From about 30 B.C. to A.D. 70 (some scholars extend these dates to as late as A.D. 135), ossuaries were used by the Jews in secondary burials. Numerous of these stone receptacles have been discovered. Most of the dead were first buried in caves or rock-cut tombs. After the flesh had decayed, the bones were placed in an ossuary or “bone box.” This provided space for more burials.
The Hecht Museum at Haifa University has a nice display of ossuaries. Six of these have lids on them. The lid is missing on five others.
The sign with the display states that,
This was a prevalent custom in this period, and one that tied in with the strengthening Jewish belief in the individual, physical resurrection of the deceased from within one’s skeleton (Mishna, Sanhedrin 6:5-6; Babylonian Talmud, Sanhedrin 47b).
This is the description of the ossuaries.
The ossuaries are carved of local soft stone (chalk), and most of them lack ornamentation. Ornamentation, if it appears, was executed by carving, incision, or painting. The variety of decorative patterns on the ossuaries includes floral, geometric and architectural patterns. Some have Hebrew, Aramaic, or Greek inscriptions stating the name of the deceased.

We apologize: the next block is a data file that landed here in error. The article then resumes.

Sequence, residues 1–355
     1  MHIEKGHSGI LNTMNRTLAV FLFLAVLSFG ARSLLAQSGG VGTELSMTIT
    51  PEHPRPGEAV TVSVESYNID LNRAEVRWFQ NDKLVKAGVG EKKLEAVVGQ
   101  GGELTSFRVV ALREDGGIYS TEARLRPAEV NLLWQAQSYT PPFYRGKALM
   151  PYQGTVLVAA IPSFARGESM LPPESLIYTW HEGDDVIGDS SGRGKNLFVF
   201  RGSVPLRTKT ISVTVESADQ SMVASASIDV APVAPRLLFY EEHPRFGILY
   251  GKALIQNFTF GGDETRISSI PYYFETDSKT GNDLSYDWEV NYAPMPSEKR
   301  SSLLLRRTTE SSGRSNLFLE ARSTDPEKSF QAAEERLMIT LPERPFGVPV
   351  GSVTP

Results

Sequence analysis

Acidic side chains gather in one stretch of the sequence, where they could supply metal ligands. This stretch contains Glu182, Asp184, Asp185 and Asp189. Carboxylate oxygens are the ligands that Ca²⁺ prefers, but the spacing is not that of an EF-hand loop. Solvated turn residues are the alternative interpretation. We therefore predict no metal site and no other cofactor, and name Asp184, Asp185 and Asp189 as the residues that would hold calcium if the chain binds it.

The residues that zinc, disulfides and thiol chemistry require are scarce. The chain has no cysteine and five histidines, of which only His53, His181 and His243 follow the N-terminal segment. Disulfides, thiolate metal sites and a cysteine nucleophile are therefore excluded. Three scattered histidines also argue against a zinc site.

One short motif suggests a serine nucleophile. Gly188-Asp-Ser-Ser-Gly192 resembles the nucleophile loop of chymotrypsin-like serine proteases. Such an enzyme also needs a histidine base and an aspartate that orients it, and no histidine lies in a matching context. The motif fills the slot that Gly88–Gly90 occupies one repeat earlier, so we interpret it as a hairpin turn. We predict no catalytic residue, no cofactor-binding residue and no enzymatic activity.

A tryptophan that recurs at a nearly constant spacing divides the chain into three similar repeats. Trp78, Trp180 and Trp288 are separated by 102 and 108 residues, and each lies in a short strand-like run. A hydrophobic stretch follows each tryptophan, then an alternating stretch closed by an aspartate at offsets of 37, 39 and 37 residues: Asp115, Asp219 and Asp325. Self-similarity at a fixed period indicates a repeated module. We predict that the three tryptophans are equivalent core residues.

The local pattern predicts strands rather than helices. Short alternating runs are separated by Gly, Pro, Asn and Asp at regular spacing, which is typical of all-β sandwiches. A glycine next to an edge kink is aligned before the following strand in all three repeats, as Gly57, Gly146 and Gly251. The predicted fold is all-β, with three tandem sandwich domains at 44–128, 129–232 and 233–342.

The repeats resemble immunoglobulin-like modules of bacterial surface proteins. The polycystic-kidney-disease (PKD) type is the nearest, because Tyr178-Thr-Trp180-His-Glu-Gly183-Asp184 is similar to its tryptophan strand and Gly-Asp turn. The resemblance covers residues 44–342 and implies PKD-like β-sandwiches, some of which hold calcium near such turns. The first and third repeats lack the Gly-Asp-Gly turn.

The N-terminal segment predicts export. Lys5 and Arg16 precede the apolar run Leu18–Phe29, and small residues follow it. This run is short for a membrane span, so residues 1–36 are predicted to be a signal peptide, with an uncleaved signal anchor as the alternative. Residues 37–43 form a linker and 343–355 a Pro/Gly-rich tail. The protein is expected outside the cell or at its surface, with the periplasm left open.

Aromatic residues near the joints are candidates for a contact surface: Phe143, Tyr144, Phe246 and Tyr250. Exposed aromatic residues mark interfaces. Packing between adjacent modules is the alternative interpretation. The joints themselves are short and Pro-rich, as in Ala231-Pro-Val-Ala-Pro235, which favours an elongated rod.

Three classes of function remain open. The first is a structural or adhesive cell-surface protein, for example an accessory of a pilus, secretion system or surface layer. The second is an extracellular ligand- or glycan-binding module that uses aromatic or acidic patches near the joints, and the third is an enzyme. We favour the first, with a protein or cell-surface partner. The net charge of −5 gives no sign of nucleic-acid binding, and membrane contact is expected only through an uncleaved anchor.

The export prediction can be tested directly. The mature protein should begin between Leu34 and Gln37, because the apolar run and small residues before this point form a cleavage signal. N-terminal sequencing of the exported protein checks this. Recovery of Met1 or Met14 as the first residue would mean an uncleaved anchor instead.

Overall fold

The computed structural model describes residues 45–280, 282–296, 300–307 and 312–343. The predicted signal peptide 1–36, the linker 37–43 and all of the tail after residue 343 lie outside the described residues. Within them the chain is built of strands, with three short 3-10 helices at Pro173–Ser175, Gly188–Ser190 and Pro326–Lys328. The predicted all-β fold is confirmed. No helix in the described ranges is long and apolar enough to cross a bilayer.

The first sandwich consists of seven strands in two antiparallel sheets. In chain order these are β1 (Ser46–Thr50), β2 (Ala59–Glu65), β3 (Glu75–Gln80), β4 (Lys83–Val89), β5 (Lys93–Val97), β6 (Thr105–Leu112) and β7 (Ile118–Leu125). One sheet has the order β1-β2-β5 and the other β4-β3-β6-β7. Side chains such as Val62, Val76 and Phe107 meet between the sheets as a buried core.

The top of the sign shows some of the decorations found on ossuaries. Note above, the statement that most ossuaries lacked ornamentation.
Rachel Hachlili describes the typical ossuary:
These ossuaries are small limestone boxes approximately 20 inches long, 10 inches wide and 12 inches high. Usually they have a flat, gabled, or rounded lid. All these ossuaries were used for secondary burials; approximately a year after the original burial, when the body had decomposed, the bones of the deceased were collected and placed in the ossuary. (BAR, July/Aug. 1979).
Stone cutting was one of the main occupations of ancient Israel, and some stone cutters evidently specialized in made-to-order ossuaries.
In a future post I plan to show a cemetery filled with ossuaries.
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